.- When this legislation was under consideration previously, Senator DuncanHughes, Senator Badman and I pointed out .the “impossibility of giving effect to it. It is now stated that on the 31st October many farmers did not know whether they would cut their crops for hay or strip them for wheat. In another bill, under which it is proposed to give financial assistance to wheat-growers, clause 9 states -
The prescribed authority in any State may fix a date after which applications from wheat-growers for assistance under this act will not be received.
I suggest that the provision in the bill under consideration should be altered to read : “ on a date to be fixed by the prescribed authority “. This would get over the difficulty. Many hay-growers cannot complete their applications by the 31st October.
– This measure applies only to fertilizers used last year.
– Nevertheless, I consider that the two bills should be drawn on similar lines. The subsidy is to be paid with respect to fertilizers used up to the 30th June in any year. I can forsee that when future legislation to grant assistance to wheat-growers is brought down, and probably a home-consumption price is fixed for wheat, no bounty will be paid to the growers. Therefore, with no bounty in respect of wheat, there can hardly be a subsidy on fertilizers or other requisites of primary producers. If the wheat bounty ceases, no Government assistance will be received by those who sow their crops after the 30th June, which is really mid-season. In many areas in the Wimmera district, wheat is sown after the 30th June, and the growers will not be quite sure how much of it is to be used for hay and how much for wheat; but I can anticipate a year when all the barley-growers will not get any assistance whatever. The Government should make these two measures coincide by fixing a date to be proclaimed by regulation.
– I commend the Government foi’ having introduced this measure. I have sent in many applications from bona fide farmers whose forms were lodged too late. In some instances, the applicants did not know that last year the date was a, month earlier than in the previous year. They intended to harvest the crops for grain, but owing to drought, they had to cut them for hay. I suggest that in future, more publicity should be given to the closing date. Such information could easily be disseminated through the press, and particularly through those newspapers which circulate in country districts. I receive a good deal of literature from the Government concerning its various activities, but I cannot recall having received any notification drawing attention to the earlier date for the closing of applications for these payments in respect of fertilizer used last year. However, the Government is quite properly remedying the injustice caused through this omission, and I commend it for introducing this measure.
.- When the bill which this measure seeks to amend was before the Senate on the 4fh December, Senators Gibson, Badman and Uppill took exception to the date fixed for the closing of applications for these payments, and supported the view which I put forward. The Leader of the Opposition (Senator Collings) on that occasion said -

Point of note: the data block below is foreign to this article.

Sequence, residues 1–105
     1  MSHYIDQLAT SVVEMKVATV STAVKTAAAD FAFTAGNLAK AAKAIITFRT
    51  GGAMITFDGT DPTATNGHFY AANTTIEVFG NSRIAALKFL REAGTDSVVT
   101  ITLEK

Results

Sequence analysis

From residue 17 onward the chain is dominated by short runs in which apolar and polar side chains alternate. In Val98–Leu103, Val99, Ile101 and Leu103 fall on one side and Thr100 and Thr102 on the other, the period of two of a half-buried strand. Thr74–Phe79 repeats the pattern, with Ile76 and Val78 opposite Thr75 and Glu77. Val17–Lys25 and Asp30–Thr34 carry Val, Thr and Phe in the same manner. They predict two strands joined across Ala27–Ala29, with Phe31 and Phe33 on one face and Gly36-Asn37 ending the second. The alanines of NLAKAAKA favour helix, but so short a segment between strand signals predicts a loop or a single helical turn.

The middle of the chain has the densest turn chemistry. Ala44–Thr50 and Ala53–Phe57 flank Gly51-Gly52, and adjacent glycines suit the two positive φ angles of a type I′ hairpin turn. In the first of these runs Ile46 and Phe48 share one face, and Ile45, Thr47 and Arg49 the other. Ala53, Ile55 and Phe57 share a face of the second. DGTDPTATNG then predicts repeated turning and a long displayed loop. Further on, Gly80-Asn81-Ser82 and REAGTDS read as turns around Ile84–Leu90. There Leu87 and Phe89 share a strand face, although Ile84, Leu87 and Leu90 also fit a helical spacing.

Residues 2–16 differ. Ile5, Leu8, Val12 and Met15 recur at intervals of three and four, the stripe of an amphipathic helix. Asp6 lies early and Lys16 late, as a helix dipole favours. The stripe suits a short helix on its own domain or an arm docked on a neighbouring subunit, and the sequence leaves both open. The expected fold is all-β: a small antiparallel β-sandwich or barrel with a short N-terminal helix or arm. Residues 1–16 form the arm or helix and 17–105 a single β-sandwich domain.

The Opposition, being in agreement with commercial measures of this nature, will support this bill.
To-day, however, the honorable senator criticized the Government for having passed a bill which he, on behalf of his party, openly supported in this chamber.
– Surely the fixing of a date is the job of the people responsible for the drafting of the measure.
– That was all the honorable senator had to say until a later stage in the debate. I pointed out difficulties which would be likely to arise and a number of other honorable senators agreed with me. Now, in fact, such difficulties have arisen. The Assistant Minister in charge of the bill (Senator Brennan) objected that any amendment to alter the date would involve an additional appropriation, and a new message from the Governor-General recommending such appropriation; he promised, however, that he would bring the suggestion made by myself and other honorable senators under the notice of “the Government, adding that at that stage no extension of time for the receipt of applications could be granted. I take it that the Government is now honoring the undertaking then given by the Assistant Minister. Foi the purpose of putting the views of myself and other honorable senators on record, I moved in committee that the closing date for applications should be extended to the 30th November. The Government took exception to that, as it was perfectly entitled to do, and urged that my amendment could not be accepted by the Chair. The Chairman eventually ruled against my amendment. I have no criticism to make concerning that ruling, but by interjecting on that occasion that my amendment did not come within the scope of the bill, the Leader of the Opposition showed a second time that his party was against any extension of the date beyond the 30th October.
– The honorable senator will remember the circumstances of that ruling.
– There are three pages in Hansard covering that debate, and that report contains nothing to show that the Opposition has any advantage over the Government in regard to this bill. Rather is the contrary the case.